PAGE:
Manufacturing Outrage


Richard B Riddick

The media industry’s spiral of decline has resulted in journalists seeking to create the “story” rather than to simply report it, in order to better drive engagement via controversy.

Their preferred weapon of choice is the loaded question, particularly one where the question presupposes that all of the possible answers will be controversial to someone.

The below example is of this technique in a non-political context, but it’s pretty clear to see tension in Tom Hardy when being put upon to respond to a controversial issue with wide ranging societal ramifications.

However to some extent, politicians are expected to deal with this sort of thing. Personally, I’d prefer if journalists didn’t do this, but point scoring and theatre is the easiest way to make headway in the 24 hour news cycle.

Here is one example:

And another:

However, it does intrigue me whenever the media tries to do it to a non-politician in order to create a controversy, particular when it is a political controversy.

Nick Kyrgios was recently on the receiving end of a loaded question:

Reporter: “You’re friends with the American football player Colin Kaepernick and have been supportive of him in the past, what are your thoughts on his not being signed by an American football team this season?”

Nick Kyrgios: “I don’t think I’ve ever spoken to that dude in my life.”

R: “But what are your thoughts about that?”

NK: “Where does that question even come from? We’re at the Australian Open, man. Are we done?”

“Kyrgios was left shaking his head and struggled to find the words before his final part in the bizarre exchange — which prompted an awkward end to his media obligations.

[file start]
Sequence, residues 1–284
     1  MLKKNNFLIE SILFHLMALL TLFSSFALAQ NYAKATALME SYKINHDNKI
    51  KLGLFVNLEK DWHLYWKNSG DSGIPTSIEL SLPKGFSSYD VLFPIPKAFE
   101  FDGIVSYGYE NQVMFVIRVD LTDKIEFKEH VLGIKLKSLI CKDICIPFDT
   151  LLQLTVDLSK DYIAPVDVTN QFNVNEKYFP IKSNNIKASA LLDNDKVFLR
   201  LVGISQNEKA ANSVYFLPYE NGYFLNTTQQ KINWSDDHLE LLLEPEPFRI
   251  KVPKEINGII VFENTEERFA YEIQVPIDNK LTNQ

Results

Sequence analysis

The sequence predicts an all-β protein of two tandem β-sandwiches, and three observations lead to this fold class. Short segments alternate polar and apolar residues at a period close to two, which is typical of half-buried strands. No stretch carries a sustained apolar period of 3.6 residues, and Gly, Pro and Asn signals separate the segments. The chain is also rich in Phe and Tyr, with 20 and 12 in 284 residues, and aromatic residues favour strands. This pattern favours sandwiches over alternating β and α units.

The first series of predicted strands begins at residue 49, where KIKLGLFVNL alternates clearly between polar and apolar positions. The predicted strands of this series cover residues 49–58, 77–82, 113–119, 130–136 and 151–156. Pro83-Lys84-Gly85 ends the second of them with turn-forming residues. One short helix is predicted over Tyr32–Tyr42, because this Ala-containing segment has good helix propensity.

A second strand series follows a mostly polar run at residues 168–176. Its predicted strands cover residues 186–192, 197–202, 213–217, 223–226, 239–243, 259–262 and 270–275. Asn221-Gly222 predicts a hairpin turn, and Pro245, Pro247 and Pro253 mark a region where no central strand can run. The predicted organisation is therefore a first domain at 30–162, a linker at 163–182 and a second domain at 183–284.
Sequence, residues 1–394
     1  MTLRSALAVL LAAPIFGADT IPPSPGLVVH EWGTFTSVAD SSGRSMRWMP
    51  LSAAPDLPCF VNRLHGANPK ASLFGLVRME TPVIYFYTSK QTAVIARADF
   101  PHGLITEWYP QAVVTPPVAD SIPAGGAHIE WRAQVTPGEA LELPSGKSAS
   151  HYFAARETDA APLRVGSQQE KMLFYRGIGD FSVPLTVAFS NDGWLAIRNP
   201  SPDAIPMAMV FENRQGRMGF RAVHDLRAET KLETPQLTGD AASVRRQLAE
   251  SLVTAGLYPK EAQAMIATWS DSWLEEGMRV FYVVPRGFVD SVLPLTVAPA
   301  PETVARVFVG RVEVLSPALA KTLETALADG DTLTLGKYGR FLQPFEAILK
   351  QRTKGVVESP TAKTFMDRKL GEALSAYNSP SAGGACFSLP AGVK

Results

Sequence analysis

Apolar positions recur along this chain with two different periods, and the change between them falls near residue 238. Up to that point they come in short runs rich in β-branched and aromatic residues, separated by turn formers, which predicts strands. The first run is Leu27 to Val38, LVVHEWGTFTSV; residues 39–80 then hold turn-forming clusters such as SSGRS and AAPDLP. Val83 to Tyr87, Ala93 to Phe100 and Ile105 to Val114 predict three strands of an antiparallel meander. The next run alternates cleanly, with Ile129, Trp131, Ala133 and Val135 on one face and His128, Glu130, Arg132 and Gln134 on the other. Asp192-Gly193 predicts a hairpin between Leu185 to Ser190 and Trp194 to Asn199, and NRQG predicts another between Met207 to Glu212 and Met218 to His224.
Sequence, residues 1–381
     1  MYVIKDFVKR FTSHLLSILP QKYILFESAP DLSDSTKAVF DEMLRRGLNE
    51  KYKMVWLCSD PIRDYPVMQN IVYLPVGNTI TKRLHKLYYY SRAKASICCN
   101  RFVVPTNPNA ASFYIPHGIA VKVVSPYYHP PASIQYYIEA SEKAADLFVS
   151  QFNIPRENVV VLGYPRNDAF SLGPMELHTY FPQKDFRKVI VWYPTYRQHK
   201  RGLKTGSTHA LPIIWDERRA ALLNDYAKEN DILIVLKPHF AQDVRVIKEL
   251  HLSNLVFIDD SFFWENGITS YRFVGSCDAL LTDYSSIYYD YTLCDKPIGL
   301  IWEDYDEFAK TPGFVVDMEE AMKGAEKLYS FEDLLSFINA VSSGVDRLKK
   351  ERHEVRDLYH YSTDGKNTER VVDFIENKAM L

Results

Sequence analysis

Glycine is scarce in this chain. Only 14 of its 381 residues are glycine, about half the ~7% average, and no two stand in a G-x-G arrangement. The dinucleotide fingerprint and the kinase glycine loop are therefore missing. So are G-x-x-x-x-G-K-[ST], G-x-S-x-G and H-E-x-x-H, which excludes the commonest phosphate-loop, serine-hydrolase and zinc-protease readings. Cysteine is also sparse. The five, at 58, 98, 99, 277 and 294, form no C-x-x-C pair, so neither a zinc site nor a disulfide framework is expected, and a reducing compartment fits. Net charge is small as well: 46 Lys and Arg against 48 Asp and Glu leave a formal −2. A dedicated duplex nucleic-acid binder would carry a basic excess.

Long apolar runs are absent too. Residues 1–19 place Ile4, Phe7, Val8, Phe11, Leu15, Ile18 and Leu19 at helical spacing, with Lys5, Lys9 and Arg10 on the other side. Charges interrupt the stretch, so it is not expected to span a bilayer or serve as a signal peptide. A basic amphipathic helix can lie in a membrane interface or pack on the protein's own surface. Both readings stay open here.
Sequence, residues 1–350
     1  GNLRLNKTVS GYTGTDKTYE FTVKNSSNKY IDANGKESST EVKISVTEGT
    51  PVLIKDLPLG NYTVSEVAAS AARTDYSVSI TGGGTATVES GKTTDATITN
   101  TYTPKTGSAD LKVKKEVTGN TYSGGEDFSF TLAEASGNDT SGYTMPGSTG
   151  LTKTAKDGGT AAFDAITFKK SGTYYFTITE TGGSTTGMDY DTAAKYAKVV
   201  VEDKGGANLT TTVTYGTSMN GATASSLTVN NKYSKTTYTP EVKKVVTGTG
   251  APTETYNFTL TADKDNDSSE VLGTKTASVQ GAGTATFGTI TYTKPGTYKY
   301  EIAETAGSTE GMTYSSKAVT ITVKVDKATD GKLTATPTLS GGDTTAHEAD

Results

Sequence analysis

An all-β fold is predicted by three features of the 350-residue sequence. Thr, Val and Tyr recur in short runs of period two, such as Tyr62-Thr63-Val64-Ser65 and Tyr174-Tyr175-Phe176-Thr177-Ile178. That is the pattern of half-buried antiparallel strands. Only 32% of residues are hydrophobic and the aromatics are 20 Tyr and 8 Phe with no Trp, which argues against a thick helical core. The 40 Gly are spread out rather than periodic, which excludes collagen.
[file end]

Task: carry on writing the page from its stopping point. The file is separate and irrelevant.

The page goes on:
“Kaepernick — the former San Francisco 49ers quarterback — made headlines in America for kneeling during the national anthem before games to protest police brutality and racial injustice. He was the catalyst for a movement that has since swept across the NFL, with many more players following his lead.

“But if Kyrgios has been following Kaepernick’s career, he sure didn’t show it.”

I believe the reporter attempted this line of questioning because of Kyrgios’ kneeling at the Laver Cup.

This kneeling was falsely reported by many news outlets as being linked to the American NFL, Colin Kaepernick and American race politics, all without a comment from Kyrgios.

Nick Kyrgios.

Comments from Kyrgios later in the same day revealed it was all a beat-up (Kyrgios couldn’t clarify immediately as the articles were published whilst he was kneeling and he played his match immediately after the anthem):

“But Kyrgios explained that it was something he does before most matches, and is done in honour of his late grandmother and grandfather.”

“I’m doing that before most matches just to remember, you know, the two most important people that have passed away,” said world No.20 Kyrgios.

“I just take a knee to remember those before I go out there and play.”

“And, prompted whether it had anything to do with the Trump protest, he offered a puzzled look and a forthright response: “F**k, no. Serious? What?”

To me this looks like an American reporter struggling to find something to write about, googling the name of Kygrios, finding the still online incorrect articles about him kneeling, and then assuming he can restart that controversy by baiting Kyrgios into saying something anti-Trump or pro-Kaepernick.

Even though it was negligence or laziness that lead to this particular incident, it proves that the media actively seek to create stories, and whether by malice or negligence are happy to rely on their own demonstrably incorrect stories as evidence when convenient.

If this sort of fact-free, blatantly incorrect reporting is what they can do by accident, what do you think they do when they are being deliberate?

Photo by Carine06